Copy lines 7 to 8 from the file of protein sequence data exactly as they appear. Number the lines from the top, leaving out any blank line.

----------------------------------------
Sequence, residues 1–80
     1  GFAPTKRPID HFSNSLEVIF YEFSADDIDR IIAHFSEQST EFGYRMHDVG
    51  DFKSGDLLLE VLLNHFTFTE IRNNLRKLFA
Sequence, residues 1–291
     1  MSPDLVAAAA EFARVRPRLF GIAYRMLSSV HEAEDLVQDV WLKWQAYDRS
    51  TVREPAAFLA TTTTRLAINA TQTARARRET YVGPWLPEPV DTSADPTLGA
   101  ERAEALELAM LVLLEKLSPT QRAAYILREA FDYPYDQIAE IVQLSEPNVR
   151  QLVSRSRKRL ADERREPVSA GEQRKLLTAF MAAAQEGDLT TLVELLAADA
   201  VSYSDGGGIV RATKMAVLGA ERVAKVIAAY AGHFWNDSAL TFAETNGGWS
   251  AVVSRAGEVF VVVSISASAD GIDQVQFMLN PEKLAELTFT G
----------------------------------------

   101  ERAEALELAM LVLLEKLSPT QRAAYILREA FDYPYDQIAE IVQLSEPNVR
   151  QLVSRSRKRL ADERREPVSA GEQRKLLTAF MAAAQEGDLT TLVELLAADA